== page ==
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Soulsborne Enemies That Were Actually The Good Guy

Villains in Elden Ring, and the rest of FromSoftware's Soulsbourne series, aren’t always as evil as they appear. While some are mindless rat swarms or men who graft the limbs of their victims to their back, some are good creatures with noble intentions. Their goals may just be at cross purposes with yours.

While you still have to defeat the majority of them to progress, these bosses may make you question your moral place in the game world, all while offering you a challenging experience that will have you wanting more. Below is our list of the Soulsborne villains that actually weren't all that bad.

8 Crossbreed Priscilla: Dark Souls

In a game where almost everything wants to kill you, it’s difficult not to view Crossbreed Priscilla with suspicion. After all, she’s a giant cat/dragon lady at the end of a magic painting you’ve been trapped in which is filled, with harpies and pus-filled zombies. She’s also carrying a gigantic weapon, the Lifehunt Scythe.

Still, if you talk to her, you find out that Priscilla doesn’t want to fight you. She even offers you a way out, though if you attack her, she won't stop fighting until you kill her. If you look into the lore a bit, you’ll even find that she entered the painted world of Aramis because she wanted to flee from the Gods, who considered her an abomination. If you end up defeating her, you’ll not only gain her fantastic weapon, but also a tremendous amount of guilt for choosing to kill the one innocent in the entire game.

7 Aldia, Scholar Of The First Sin: Dark Souls 2

Aldia is not a great guy. Despite aiding you in your quest to link the flame, his obsession with curing the curse of undeath lead him to perform some pretty terrifying experiments, the results of which are some of your main foes. But, despite necromantic delving and the fact that he jumps you right before you can finish your quest, Aldia understands the terrible cycle the Dark Souls universe finds itself in.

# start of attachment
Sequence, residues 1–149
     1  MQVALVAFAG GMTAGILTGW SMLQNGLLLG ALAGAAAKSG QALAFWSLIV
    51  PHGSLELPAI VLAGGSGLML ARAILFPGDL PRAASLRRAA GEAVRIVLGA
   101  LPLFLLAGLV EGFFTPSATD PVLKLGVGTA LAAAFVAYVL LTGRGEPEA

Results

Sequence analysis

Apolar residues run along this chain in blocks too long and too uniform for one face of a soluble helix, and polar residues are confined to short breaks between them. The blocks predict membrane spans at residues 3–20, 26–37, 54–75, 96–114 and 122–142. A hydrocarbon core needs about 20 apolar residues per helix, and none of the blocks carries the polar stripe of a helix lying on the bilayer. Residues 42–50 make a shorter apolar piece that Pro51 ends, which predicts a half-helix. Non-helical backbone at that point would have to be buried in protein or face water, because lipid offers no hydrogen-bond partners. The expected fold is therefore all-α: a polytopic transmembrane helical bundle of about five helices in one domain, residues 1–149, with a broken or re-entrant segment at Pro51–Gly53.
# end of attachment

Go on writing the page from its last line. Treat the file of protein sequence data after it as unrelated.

He encourages you to find a third way, beyond death and undeath, where a new age might come into being. Like him or hate him, he’s arguably the most honest character you’ll meet In Dark Souls and gives you a chance to make a real decision about the fate of the world.

6 Maiden Astraea: Demon’s Souls

To become the savior of Boletaria, you’ll need a few things: grit, determination, and the souls of five archdemons who are currently wreaking havoc throughout the kingdom. Most of those demons are ill-intentioned, intent on destruction and the enslavement of mankind.

Maiden Astraea, on the other hand, is using her newly-acquired demonic powers to create a place of healing, a sanctuary in this corrupted world. True, it’s a Band-Aid on a gaping wound, and she has to die for you to put the great old one back to sleep and save the kingdom, but that doesn’t make slaying this pure-souled demon any easier. After all, you're killing someone who genuinely wants good for the world. It's just a different kind of good than yours.

5 Morgott, The Omen King: Elden Ring

Morgott is an omen of principle. While he stands in the way of your quest to gain the Elden Throne many times, he’s not doing so out of any foolish ambition. Far from it, he tries to stop you because he thinks what you’re doing is wrong. Good and evil are relative in every Soulsborne game, but it’s difficult to fault someone whose convictions are so strong. When he fights you, it isn’t because he hates you. It’s because he’s trying to preserve some kind of order in a world steeped in corruption.